One method of manufacture of sleeve 13 is as follows: A slurry is prepared of fibers and various inorganic or organic binders. A cylindrical screen having an outside diameter approximating the diameter of body 12 is placed in this slurry of fibers. A vacuum is created inside the screen so that the fibers are deposited on the screen and interlace themselves, being built up to any desired thickness. After the proper thickness is attained, the screen is removed from the slurry and the sleeve allowed to dry. Alternately, the fibrous tubular section can be removed while wet and allowed to dry on another mandrel or the roll mandrel. The outside surface of the sleeve may be machined if desired, or could be mounted on the body without subsequent machining. The latter construction would minimize marking and make less critical any out-of-round condition of the parts. I
If desired, the slurry concentration could be tailored to create concentric discrete zones .of varying fiber concentration. For example, zone 14 adjacent body 12 could have a fiber mix which has superior resiliency to take up radial expansion of body 12 when it is subjectedto heat during operation. Intermediate zone 15 could have a fiber mix with the desired insulating value and nominal strength. The fiber mix of outer zone 16 could provide strength, insulative qualities and abrasion and scratching resistance. The sleeve may alternately be formed by other methods of radial deposition of the slurry fibers. For example, instead of creating a vacuum inside the screen, pressure could be applied to the slurry, so that the pressure differential causes deposition. The fibrous material could be propelled against the screen with sufficient velocity to accomplish interlacing and bonding, for example by air deposition or gunning. The slurry could, in other words, comprise a gaseous fluid.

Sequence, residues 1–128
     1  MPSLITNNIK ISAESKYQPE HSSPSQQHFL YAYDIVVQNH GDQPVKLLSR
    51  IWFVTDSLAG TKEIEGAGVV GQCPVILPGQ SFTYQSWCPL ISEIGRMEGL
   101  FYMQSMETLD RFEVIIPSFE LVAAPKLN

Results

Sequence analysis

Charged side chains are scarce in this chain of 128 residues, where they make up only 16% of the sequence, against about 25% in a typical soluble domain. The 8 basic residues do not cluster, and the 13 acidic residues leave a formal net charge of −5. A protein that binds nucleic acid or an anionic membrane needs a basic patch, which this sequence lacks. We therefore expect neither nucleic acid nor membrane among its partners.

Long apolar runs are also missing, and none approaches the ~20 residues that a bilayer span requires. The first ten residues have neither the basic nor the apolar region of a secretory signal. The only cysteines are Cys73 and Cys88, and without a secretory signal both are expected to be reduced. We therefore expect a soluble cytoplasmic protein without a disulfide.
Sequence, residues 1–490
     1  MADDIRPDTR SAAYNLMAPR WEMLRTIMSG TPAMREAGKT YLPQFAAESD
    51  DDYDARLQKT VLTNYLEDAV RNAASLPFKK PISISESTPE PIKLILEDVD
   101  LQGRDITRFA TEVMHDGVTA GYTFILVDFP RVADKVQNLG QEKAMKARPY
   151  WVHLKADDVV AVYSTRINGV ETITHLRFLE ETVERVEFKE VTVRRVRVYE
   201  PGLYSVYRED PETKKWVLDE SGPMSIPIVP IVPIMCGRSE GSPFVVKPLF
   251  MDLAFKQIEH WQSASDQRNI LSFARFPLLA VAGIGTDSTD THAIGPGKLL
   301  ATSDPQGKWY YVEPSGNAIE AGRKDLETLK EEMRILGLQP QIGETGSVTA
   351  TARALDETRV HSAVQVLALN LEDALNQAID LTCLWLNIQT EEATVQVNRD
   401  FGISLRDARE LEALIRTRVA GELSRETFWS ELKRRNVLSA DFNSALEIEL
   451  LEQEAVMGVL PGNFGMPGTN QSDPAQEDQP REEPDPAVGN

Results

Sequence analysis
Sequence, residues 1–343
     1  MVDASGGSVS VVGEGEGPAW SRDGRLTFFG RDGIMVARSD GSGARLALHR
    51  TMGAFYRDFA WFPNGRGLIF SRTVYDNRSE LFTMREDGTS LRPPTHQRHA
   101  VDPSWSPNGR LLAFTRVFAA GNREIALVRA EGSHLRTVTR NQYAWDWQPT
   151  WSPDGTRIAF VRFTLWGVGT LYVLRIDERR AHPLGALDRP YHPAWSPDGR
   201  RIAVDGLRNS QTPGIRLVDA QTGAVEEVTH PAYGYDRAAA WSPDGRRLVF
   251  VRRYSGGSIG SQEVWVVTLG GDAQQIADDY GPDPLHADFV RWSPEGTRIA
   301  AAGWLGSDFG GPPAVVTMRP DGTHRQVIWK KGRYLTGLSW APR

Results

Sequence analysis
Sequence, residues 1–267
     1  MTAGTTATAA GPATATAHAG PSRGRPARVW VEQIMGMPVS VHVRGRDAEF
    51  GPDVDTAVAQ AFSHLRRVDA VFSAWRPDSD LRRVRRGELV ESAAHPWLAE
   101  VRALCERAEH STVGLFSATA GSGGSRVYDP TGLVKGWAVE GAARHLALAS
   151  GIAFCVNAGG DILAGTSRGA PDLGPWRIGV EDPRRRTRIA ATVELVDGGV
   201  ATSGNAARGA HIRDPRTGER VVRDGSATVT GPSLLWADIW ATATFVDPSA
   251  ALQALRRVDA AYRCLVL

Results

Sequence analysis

After the sleeve has been formed by any of the above methods, it could be subjected to a subsequent wet rolling operation to provide densification and concentricity.
sleeve on the inside of a tubular screen to provide maximum density to the outer fibers.
In some cases, the cylindrical screen could be left in place as a reinforcing element when the sleeve is mounted on the roll mandrel.
I claim: I
l. A roll for carrying a markable product through a lehr, furnace or oven comprising a relatively rigid cylindrical body and a seamless sleeve onsaid body and secured thereto, all portions of said sleeve between its inner and outer surfaces being fabricated solely of fibrous material selected from the group containing Kaowool, Fiberfrax, amorphous silica, mineral wool, glass, quartz and metallic wool, and a binder, the concentration of fibers in said sleeve varying in a radial direction, whereby concentric zones of varying resiliency and strength are created, said zones being radially continuous and uninterrupted between said inner and outer surfaces. c
2. The combination according to claim 1, the sleeve having an inner zone with a fiber mix which imparts relatively high 'resiliency, an intermediate vzone with a fiber mix having substantial insulative properties, and an outer zone with a fibermix imparting substantial abrasion-resistant qualities.
Another alternative method is to form the fibrous